The amount of taxes a city collect is proportional to the population of the city. If the city...

Question:

The amount of taxes a city collect is proportional to the population of the city.

If the city collects $6 billion in 1982 when the population was 2 million people, how much did the city collect in 1990 when the population was 3 million people?

Proportionality

When the amount of one quantity is proportional to another quantity, we can write a statement relating them. This statement involves some constant of proportionality, k.

{eq}y = kx {/eq}

Answer and Explanation:

Since the amount of tax collected is proportional to the population, we can construct a statement relating these quantities through a constant of proportionality, k.

{eq}T = kp {/eq}


Since we know that $6 billion in taxes were collected when the population was 2 million people, we can find this constant of proportionality as follows.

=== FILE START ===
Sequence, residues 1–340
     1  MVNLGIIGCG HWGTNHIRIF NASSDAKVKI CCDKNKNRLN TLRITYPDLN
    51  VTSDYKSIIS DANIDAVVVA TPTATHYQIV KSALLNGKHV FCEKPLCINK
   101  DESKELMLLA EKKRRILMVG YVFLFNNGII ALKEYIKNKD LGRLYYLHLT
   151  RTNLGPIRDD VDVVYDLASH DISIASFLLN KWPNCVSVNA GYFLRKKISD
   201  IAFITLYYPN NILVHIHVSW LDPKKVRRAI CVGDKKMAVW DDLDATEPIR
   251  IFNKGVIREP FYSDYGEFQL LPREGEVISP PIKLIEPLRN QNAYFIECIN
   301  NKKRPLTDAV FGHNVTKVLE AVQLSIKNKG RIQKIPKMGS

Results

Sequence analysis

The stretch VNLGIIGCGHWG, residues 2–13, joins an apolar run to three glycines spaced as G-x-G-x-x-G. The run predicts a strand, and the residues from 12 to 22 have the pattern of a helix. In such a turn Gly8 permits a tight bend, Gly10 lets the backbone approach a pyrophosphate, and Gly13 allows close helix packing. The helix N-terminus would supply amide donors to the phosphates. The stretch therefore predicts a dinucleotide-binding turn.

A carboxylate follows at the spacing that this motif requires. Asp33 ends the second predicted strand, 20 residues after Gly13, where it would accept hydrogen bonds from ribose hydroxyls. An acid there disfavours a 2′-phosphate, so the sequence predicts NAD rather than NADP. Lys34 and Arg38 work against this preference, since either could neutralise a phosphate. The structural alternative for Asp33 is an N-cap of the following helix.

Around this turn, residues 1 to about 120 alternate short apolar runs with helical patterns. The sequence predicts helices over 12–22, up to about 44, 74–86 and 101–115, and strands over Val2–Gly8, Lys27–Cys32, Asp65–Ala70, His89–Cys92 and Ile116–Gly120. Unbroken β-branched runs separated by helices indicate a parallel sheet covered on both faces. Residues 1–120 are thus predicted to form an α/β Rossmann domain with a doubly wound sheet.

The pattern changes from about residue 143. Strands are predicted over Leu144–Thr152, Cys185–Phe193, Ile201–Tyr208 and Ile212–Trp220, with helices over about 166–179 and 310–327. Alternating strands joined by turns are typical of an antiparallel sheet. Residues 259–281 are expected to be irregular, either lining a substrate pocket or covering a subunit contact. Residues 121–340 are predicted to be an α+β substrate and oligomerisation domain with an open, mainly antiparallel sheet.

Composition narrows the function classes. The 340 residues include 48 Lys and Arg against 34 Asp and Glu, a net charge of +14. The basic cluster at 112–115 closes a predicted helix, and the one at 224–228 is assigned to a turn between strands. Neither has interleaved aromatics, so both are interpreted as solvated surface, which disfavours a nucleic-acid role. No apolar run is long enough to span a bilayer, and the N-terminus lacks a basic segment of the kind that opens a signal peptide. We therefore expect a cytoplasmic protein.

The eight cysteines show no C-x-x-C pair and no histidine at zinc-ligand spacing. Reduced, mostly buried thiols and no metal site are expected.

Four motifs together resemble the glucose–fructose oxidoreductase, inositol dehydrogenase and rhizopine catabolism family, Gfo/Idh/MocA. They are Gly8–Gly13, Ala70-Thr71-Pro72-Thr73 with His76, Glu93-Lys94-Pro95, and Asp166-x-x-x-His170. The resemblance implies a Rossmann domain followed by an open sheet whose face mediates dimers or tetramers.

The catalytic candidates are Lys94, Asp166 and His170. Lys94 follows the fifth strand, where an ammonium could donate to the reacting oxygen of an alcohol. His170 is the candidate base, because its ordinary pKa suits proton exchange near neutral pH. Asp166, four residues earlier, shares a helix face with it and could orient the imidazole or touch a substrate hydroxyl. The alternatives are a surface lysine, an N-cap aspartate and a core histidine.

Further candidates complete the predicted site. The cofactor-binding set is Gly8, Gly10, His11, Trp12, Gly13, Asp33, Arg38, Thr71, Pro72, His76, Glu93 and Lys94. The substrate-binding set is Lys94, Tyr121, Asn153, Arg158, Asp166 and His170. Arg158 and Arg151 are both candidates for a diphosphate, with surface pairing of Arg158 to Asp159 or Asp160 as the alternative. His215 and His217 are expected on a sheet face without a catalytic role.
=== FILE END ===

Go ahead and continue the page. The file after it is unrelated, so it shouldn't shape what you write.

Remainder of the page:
{eq}6000000000 = k(2000000)\\ k = \frac{6000000000}{2000000} = 3000 {/eq}


Thus, we can use this to find the amount of tax collected when the population is 3 million people.

{eq}T = 3000(3000000) = 9000000000 {/eq}


Therefore, $9 billion in taxes were collected in 1990 when the population was 3 million people.


Learn more about this topic:

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Identifying the Constant of Proportionality

from 6th-8th Grade Math: Practice & Review

Chapter 50 / Lesson 13
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